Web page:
Commentary | High-throughput Satellites Transforming Industry Mindset
The latest market figures confirm that broadband satellites or so-called high-throughput satellite systems are on the rise. While 31 high-throughput satellite systems have been launched over the last decade, 33 more will be launched between 2014 and 2016. As the total cumulative capital expenditures in high-throughput satellites climbs to $12 billion, an important question must be raised: How will these new systems impact the mindset of our industry?
From a technical standpoint, the multispot beam architecture supports large-scale frequency reuse to deliver more capacity and higher data rates to the end user. As a result, high-throughput satellite systems provide significantly more satellite capacity at a reduced cost per bit compared with regular satellites. Euroconsult projects that high-throughput satellite capacity supply will triple to 1,400 gigabits per second by 2016, which equates to over 450 regular C- and Ku-band satellites.
The large influx of this capacity to the market has created some concerns about the risk of oversupply in regions such as Latin America, the Middle East and Africa, and Asia Pacific. However, regional high-throughput supply has to be analyzed with caution as it does not mean that this capacity is available to a single end user at one location. In reality, the available supply at any given point generally is around 2 percent of the total supply available for the region, due to the narrow spot beam technology of high-throughput satellite systems.
These systems not only require a different view on capacity supply but also create a paradigm shift in the way satellite operators do business, address vertical markets and assess their performance.
Initial high-throughput satellite capacity usage was mainly limited to consumer broadband services in the United States. However, demand has recently started to take off in professional user segments such as trunking, cellular backhaul and enterprise networks. One of the most attractive features of high-throughput systems is that they do not necessarily compete with existing satellites, but often create new market demand. For example, in the cellular backhaul market, the reduced price per megabit per second of high-throughput satellite systems should make it more attractive for telecom operators to backhaul 3G and 4G data over satellite. Moreover, the cost savings enabled by these systems are anticipated to unlock the potential of in-flight passenger connectivity services over satellite for business aviation and commercial airlines.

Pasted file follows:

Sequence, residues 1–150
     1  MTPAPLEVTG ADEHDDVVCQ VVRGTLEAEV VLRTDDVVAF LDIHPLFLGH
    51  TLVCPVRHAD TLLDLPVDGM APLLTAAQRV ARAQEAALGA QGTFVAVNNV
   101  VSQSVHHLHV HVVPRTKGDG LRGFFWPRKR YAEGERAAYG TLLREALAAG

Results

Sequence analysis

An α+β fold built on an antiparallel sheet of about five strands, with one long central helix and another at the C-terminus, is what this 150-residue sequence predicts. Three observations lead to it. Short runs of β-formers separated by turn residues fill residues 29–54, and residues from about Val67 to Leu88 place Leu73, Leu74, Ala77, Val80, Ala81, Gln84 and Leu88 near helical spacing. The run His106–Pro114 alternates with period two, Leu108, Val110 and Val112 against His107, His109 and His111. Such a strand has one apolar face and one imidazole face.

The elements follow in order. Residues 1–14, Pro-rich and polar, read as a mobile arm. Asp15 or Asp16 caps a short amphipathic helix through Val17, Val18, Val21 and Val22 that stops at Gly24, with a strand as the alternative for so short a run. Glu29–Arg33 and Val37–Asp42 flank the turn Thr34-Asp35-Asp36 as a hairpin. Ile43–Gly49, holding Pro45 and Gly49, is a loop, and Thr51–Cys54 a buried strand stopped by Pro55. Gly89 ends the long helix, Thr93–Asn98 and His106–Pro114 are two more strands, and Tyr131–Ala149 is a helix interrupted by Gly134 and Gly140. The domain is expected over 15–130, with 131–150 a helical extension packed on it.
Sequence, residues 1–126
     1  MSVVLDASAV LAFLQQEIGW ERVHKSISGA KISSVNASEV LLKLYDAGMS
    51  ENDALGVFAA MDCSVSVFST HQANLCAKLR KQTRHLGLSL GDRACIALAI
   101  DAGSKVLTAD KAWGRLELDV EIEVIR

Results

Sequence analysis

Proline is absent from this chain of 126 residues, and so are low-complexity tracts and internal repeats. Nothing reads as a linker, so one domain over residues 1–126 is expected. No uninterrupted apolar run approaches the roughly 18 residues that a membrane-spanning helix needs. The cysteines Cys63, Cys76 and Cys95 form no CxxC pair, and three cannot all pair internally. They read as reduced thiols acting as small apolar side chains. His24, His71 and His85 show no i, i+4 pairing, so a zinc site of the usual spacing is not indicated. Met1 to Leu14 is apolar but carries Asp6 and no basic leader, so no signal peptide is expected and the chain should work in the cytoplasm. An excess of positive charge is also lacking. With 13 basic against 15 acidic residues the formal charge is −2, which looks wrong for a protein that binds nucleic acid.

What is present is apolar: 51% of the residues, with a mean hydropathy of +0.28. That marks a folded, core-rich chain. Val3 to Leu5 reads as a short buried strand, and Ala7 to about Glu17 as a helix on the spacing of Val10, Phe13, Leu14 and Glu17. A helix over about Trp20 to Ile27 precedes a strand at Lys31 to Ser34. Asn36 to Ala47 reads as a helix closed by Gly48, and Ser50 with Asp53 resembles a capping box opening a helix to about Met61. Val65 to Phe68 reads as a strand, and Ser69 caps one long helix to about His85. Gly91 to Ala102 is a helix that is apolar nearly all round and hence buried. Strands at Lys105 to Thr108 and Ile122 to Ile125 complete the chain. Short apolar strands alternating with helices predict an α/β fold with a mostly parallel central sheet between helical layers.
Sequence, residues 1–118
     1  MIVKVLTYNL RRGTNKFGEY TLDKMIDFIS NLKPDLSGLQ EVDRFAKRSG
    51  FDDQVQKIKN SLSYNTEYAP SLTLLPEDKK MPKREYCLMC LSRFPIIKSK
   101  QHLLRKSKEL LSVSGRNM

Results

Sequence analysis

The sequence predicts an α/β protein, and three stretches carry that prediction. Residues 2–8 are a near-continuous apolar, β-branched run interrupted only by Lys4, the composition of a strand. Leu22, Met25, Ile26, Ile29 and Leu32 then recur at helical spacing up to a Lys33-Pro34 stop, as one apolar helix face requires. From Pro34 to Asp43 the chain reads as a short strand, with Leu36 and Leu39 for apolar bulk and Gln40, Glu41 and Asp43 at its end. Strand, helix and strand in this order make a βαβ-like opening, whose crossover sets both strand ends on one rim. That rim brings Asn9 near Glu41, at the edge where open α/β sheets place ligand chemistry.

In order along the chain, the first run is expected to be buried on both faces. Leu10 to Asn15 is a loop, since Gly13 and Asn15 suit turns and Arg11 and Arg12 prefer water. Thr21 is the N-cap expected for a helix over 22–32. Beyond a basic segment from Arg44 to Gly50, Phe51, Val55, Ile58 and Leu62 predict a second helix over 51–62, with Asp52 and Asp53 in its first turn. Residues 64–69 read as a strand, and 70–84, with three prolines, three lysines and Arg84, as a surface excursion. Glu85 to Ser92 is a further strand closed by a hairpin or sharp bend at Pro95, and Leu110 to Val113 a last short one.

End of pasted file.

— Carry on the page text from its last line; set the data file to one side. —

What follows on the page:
In order to seize the high-throughput market opportunity, satellite operators have employed diverging investment strategies in terms of system type, coverage, frequency band and payload flexibility. Clearly, high-throughput satellite systems are not considered as a “one-size-fits-all” solution, but designed to meet the needs of specific vertical markets or anchor customers., for example, has closely collaborated with Panasonic Avionics to adjust the satellite design of the first two Epic satellites to the specific requirements of in-flight connectivity market, with a mix of wide and spot beams to cover high-traffic areas.
The introduction of high-throughput systems and the rollout of services have also led to an evolution in operators’ business models. While satellite operators have traditionally adopted the wholesale model for conventional C- and Ku-band business, a large number of operators have adopted a certain level of vertical integration in managing their high-throughput satellite systems. These operators intervene to a larger extent in the network management and selling megabits per second instead of raw bandwidth (megahertz) to the service provider or end user.
The changes in the satellite design, investment strategy and business model also require a shift in mindset for assessing operators’ business performance. The satellite finance community has been familiar with a business case for regular satellites characterized by rapidly increasing fill rates and relatively predictable cash flows over a satellite’s lifetime. The business plan for a high-throughput satellite system typically holds more market risk in return for a high revenue potential on capacity sales. Satellite operators can partly mitigate the market risk by preselling the entire high-throughput satellite payloads or multiple beams over the full satellite lifetime in acceptance of a significantly lower price per megabit per second.
Overall, high-throughput satellite capacity usage is expected to generate $33 billion in aggregate revenue between 2013 and 2022. Nonetheless, the extent to which an individual operator can capture a share of market revenue will highly depend on the fit of the selected high-throughput system architecture, distribution strategy and business model with the specific needs of the targeted vertical markets.
Nathan de Ruiter is a senior consultant at Euroconsult’s Satcom practice specializing in strategic planning, financial forecasting and market assessment. His email is email@example.com.